Sunday, December 16, 2007

Utility Belt vs. Rails

Upgrade to Utility Belt 1.0.6 to avoid this Rails bugness: gem update utility_belt

This is kind of like a chiuhuahua taking on Godzilla - you might admire his pep but you already know how the story will end - but Utility Belt and Rails appear to be scuffling.

Orion Edwards e-mailed me about my last Utility Belt post, regarding the Rails bug:

here are my findings...

1) If you put 'require utility_belt' in your ~/.irbrc, then utility belt always gets loaded, even if you're not running irb
This is the rails bug you mention. ActiveSupport::Dependancies pulls it in, but I’ve no idea why

2) The file utility_belt/lib/interactive_editor.rb defines a method called 'edit' as an instance method under Object

3) class Class is inherited from Object, so this means that not only does every object have an instance method of 'edit', every class now has a class method of 'edit'

4) Rails marks all methods in ActionController::Base as hidden, and as hidden_actions is a class method of ActionController::Base, it applies to all controllers everywhere

5) This causes the 'edit' method to be marked as hidden. ‘edit’ is quite common in controllers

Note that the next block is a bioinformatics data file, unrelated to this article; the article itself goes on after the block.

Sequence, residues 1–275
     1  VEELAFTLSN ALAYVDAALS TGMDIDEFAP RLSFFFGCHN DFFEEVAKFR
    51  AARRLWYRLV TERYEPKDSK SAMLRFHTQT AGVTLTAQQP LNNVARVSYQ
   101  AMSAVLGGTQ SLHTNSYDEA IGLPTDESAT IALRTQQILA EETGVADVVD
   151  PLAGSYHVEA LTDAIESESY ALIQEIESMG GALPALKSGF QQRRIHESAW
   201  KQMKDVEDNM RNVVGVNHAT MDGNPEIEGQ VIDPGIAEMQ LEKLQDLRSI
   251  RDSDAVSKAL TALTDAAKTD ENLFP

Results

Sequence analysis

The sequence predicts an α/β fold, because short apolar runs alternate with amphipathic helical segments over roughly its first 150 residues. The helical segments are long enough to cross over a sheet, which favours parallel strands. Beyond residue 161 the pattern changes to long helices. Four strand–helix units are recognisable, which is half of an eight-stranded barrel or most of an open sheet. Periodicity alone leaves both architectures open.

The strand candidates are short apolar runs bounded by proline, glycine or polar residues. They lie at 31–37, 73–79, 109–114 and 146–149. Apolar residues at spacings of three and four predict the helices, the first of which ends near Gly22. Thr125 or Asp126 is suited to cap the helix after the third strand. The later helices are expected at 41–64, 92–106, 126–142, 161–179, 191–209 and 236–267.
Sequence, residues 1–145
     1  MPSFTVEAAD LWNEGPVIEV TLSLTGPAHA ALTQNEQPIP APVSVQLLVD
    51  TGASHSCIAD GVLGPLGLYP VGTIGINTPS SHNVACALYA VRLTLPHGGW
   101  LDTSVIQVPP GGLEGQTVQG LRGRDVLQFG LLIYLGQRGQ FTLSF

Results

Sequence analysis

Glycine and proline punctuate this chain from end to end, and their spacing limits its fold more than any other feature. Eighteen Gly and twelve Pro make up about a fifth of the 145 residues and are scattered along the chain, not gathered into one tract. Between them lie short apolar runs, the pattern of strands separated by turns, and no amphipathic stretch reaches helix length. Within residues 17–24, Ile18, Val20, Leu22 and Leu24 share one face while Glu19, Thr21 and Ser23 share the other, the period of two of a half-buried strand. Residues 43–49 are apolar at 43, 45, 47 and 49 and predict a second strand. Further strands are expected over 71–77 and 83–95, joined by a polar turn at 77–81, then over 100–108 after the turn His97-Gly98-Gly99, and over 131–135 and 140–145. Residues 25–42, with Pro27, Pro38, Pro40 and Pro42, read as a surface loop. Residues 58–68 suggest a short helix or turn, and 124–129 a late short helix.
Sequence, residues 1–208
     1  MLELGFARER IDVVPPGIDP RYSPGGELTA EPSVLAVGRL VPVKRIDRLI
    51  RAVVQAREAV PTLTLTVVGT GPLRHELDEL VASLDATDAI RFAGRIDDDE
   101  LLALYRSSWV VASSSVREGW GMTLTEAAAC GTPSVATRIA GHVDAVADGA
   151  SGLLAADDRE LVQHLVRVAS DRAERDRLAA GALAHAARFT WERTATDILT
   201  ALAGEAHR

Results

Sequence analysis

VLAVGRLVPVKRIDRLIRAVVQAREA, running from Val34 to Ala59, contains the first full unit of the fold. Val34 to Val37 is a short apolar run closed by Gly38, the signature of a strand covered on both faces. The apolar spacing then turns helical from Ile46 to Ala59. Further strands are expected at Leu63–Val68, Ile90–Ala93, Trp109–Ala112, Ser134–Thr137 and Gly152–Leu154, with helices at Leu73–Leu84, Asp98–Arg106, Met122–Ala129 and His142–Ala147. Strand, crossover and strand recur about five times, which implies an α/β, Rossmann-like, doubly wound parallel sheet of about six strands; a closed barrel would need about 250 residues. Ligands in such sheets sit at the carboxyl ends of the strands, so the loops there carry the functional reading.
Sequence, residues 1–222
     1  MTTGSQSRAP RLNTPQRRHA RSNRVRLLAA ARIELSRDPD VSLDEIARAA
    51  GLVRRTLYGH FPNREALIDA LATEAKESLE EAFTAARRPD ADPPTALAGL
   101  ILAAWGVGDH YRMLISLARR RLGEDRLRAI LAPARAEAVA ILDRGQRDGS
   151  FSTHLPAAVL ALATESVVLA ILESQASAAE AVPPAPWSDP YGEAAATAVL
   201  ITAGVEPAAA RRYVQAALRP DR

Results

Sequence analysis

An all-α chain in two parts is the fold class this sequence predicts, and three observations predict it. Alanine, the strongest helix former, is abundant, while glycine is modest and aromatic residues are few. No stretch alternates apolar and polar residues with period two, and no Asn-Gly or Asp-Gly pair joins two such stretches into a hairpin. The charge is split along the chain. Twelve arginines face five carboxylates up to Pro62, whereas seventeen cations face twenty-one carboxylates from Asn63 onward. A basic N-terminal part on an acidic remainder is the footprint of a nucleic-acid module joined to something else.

Your .rhtml template file will get called without the 'edit' in the controller ever running, so in 99% of cases, you'll get an error indicating your @item is nil.

There’s 3 fixes

1) not have utility belt in your .irbrc (boo)

2) edit the utility belt source to prevent it defining an 'edit' method on Object (I did this personally as I don’t use the interactive editor)

3) edit the utility belt source to call it ‘ed’ instead of ‘edit’ (or some other alternative)

Orion was in fact way ahead of me. I figured out the edit part of it, but I hadn't realized that hiding the controller methods would make the error messages weirder. His prediction about the @item being nil is correct - the first user to bring this to my attention, in his screencast, saw @id showing up as nil for no obvious reason.

I told Orion this and posted it in Raganwald's comments but I might as well reiterate it here - I am releasing a patch to Utility Belt which renames the method to avoid this bug in Rails, but what I really want to do is fix this bug in Rails. There's no logical reason for Rails to be loading your .irbrc unless it's running script/console. It's definitely a bug. So, although I will release a patch to UB very soon, long-term I'll be much happier if I find the bug in Rails and patch it, and long-term I think that's infinitely better for the community, since Utility Belt isn't the only piece of code out there that can go in your .irbrc, and weird bugs that are hard to track don't make life better for anyone.